Publications by authors named "Anja Conrad"

5 Publications

  • Page 1 of 1

MALDI-2 Mass Spectrometry and Immunohistochemistry Imaging of Gb3Cer, Gb4Cer, and Further Glycosphingolipids in Human Colorectal Cancer Tissue.

Anal Chem 2020 05 4;92(10):7096-7105. Epub 2020 May 4.

Institute of Hygiene, University of Münster, Robert-Koch-Str. 41, 48149 Münster, Germany.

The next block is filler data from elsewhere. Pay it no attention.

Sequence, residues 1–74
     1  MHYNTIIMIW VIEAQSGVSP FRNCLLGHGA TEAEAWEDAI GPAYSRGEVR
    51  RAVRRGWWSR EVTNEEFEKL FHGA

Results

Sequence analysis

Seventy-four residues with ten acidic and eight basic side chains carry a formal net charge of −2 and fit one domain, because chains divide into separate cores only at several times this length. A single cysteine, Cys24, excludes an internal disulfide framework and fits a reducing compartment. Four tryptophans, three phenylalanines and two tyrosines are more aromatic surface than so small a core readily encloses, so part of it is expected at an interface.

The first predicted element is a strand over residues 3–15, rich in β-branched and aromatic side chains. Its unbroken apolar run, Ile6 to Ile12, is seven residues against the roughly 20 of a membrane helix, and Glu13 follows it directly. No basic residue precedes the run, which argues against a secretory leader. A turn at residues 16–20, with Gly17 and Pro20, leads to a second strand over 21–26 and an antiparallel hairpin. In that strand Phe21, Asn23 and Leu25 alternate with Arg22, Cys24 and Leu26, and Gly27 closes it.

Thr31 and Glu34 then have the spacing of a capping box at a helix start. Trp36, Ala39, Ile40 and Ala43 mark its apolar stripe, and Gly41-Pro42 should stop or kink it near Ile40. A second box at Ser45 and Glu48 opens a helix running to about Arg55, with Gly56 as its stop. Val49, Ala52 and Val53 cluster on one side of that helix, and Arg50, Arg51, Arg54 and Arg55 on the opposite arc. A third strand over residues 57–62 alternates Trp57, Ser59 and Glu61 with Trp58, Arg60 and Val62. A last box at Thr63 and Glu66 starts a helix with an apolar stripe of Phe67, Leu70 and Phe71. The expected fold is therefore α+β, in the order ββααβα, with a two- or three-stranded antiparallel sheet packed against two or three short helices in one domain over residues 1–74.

The main cellular receptors of Shiga toxins (Stxs), the neutral glycosphingolipids (GSLs), globotriaosylceramide (Gb3Cer/CD77) and globotetraosylceramide (Gb4Cer), are significantly upregulated in about half of the human colorectal carcinomas (CRC) and in other cancers. Therefore, conjugates exploiting the Gb3Cer/Gb4Cer-binding B subunit of Stx (StxB) have attracted great interest for both diagnostic and adjuvant therapeutic interventions. Moreover, fucosylated GSLs were recognized as potential tumor-associated targets. One obstacle to a broader use of these receptor/ligand systems is that the contribution of specific GSLs to tumorigenesis, in particular, in the context of an altered lipid metabolism, is only poorly understood. A second is that also nondiseased organs (e.g., kidney) and blood vessels can express high levels of certain GSLs, not least Gb3Cer/Gb4Cer. Here, we used, in a proof-of-concept study, matrix-assisted laser desorption/ionization mass spectrometry imaging combined with laser-induced postionization (MALDI-2-MSI) to simultaneously visualize the distribution of several Gb3Cer/Gb4Cer lipoforms and those of related GSLs (e.g., Gb3Cer/Gb4Cer precursors and fucosylated GSLs) in tissue biopsies from three CRC patients. Using MALDI-2 and StxB-based immunofluorescence microscopy, Gb3Cer and Gb4Cer were mainly found in dedifferentiated tumor cell areas, tumor stroma, and tumor-infiltrating blood vessels. Notably, fucosylated GSL such as Fuc-(n)Lc4Cer generally showed a highly localized expression in dysplastic glands and indian file-like cells infiltrating adipose tissue. Our "molecular histology" approach could support stratifying patients for intratumoral GSL expression to identify an optimal therapeutic strategy. The improved chemical coverage by MALDI-2 can also help to improve our understanding of the molecular basis of tumor development and GSL metabolism.